The comprehensive gazetteer and bibliography of the medieval castles, fortifications and palaces of England, Wales, the Islands.
The listings
Other Info
Print Page 
Next Record 
Previous Record 
Back to list 

Caldewelle Hall

Also known as, or recorded in historical documents as;
Calderfield Farm; Caldewalle

In the civil parish of Walsall.
In the historic county of Staffordshire.
Modern Authority of Walsall.
1974 county of West Midlands.
Medieval County of Staffordshire.

OS Map Grid Reference: SP03539903
Latitude 52.58930° Longitude -1.94927°

Caldewelle Hall has been described as a Fortified Manor House although is doubtful that it was such.

There are cropmark/slight earthwork remains.


Sub-rectangular moat by Calderfields Farm with an area of around 1.2ha. Large retaining bank on outside of north and west sides. Moat fed by stream which enters at north and leaves from south west. Aerial photographs show two arms of outer enclosure extending to east of moat (HER13583) and area of ridge and furrow (13582). Site seriously damaged in 1990 by tipping over platform and bulldozing of part of earthwork. According to Rushall MS, written in the 15th century, Sir Hugh de Boweles "bilte and repairide a mansion at Caldewalle and made a moot abowte seyd mansion." Sir Hugh died before 1271-2. (Wolverhampton and Walsall HER)

A sub-circular homestead moat, now partly marshy, partly dry, situated in a low lying position in pasture fields upon a very gentle south west facing slope. The moat measures, overall, 65.0 m north east - south west by 55.0 m transversely. The arms average 11.0 m in width and 1.0 m in depth. An outer retaining bank on the north west and south west sides is 7.0 m in width and up to 0.7 m in height. The moat is fed by a stream which enters at the north and leaves from the south west. There are no visible building remains on the island which is under grass. The original causewayed entrance is on the south east side. (PastScape ref. Field Investigators Comments F3 ASP 01-JUL-76)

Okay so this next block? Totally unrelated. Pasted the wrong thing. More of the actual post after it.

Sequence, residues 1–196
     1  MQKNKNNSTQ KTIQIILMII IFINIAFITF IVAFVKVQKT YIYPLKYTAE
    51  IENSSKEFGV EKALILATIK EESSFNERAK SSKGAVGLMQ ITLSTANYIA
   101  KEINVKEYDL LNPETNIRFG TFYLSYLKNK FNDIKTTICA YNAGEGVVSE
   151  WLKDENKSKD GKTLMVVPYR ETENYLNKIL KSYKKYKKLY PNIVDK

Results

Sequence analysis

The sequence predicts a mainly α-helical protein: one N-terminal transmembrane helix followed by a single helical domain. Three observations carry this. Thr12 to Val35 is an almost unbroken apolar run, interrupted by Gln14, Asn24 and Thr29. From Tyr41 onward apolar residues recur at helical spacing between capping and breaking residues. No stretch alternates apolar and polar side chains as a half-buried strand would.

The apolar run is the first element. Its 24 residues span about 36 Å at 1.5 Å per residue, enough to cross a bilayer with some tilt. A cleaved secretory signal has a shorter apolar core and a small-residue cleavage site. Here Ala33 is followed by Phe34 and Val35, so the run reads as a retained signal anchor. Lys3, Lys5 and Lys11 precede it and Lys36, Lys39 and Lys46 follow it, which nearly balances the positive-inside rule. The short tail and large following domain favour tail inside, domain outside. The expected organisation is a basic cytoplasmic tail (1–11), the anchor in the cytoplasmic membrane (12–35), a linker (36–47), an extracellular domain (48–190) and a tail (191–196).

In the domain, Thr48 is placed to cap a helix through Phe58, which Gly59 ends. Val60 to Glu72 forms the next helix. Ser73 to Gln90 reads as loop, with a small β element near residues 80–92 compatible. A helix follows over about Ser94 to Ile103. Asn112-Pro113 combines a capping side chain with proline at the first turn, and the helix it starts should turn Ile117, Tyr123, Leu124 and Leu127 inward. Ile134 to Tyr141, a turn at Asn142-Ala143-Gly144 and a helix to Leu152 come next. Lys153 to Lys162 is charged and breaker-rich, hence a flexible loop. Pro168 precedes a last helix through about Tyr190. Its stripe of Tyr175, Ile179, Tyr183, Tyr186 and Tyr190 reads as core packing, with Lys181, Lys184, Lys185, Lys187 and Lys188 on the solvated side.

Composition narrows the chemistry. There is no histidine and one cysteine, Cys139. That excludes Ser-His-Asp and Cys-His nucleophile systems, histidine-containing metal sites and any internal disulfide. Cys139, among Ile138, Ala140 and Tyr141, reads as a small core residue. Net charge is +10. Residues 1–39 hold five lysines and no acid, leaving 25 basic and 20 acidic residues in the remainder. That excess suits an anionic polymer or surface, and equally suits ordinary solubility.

Willmore actual writes it was the parents of Hugh Boweles who built the moated mansion and he was born in this house, suggesting an early to mid C13 date for the moat. The family moved to nearby Rushall Hall and the property was in the hands of the Prior of Chaucomb by 1320 and seems to have become a monastic grange. Apart from a possible early date of construction nothing suggests this as anything other than a homestead moat.
Links to archaeological and architectural databases, mapping and other online resources

Data >
PastScape   County HER            
Maps >
Streetmap   NLS maps   Where's the path   Old-Maps      
Data/Maps > 
Magic   V. O. B.   Geology   LiDAR   Open Domesday  
Air Photos > 
Bing Maps   Google Maps   Getmapping   ZoomEarth      
Photos >
CastleFacts   Geograph   Flickr   Panoramio      

Sources of information, references and further reading
Most of the sites or buildings recorded in this web site are NOT open to the public and permission to visit a site must always be sought from the landowner or tenant.
It is an offence to disturb a Scheduled Monument without consent. It is a destruction of everyone's heritage to remove archaeological evidence from ANY site without proper recording and reporting.
Don't use metal detectors on historic sites without authorisation.
The information on this web page may be derived from information compiled by and/or copyright of Historic England, County Historic Environment Records and other individuals and organisations. It may also contain information licensed under the Open Government Licence. All the sources given should be consulted to identify the original copyright holder and permission obtained from them before use of the information on this site for commercial purposes.
The author and compiler of Gatehouse does not receive any income from the site and funds it himself. The information within this site is provided freely for educational purposes only.
The bibliography owes much to various bibliographies produced by John Kenyon for the Council for British Archaeology, the Castle Studies Group and others.
Suggestions for finding online and/or hard copies of bibliographical sources can be seen at this link.
Minor archaeological investigations, such as watching brief reports, and some other 'grey' literature is most likely to be held by H.E.R.s but is often poorly referenced and is unlikely to be recorded here, or elsewhere, but some suggestions can be found here.
The possible site or monument is represented on maps as a point location. This is a guide only. It should be noted that OS grid references defines an area, not a point location. In practice this means the actual center of the site or monument may often, but not always, be to the North East of the point shown. Locations derived from OS grid references and from latitude longitiude may differ by a small distance.
Further information on mapping and location can be seen at this link.
Please help to make this as useful a resource as possible by contacting Gatehouse if you see errors, can add information or have suggestions for improvements in functality and design.
Help is acknowledged.
This record last updated 26/07/2017 09:20:10

Home | Books | Links | Fortifications and Castles | Other Information | Help | Downloads | Author Information | Contact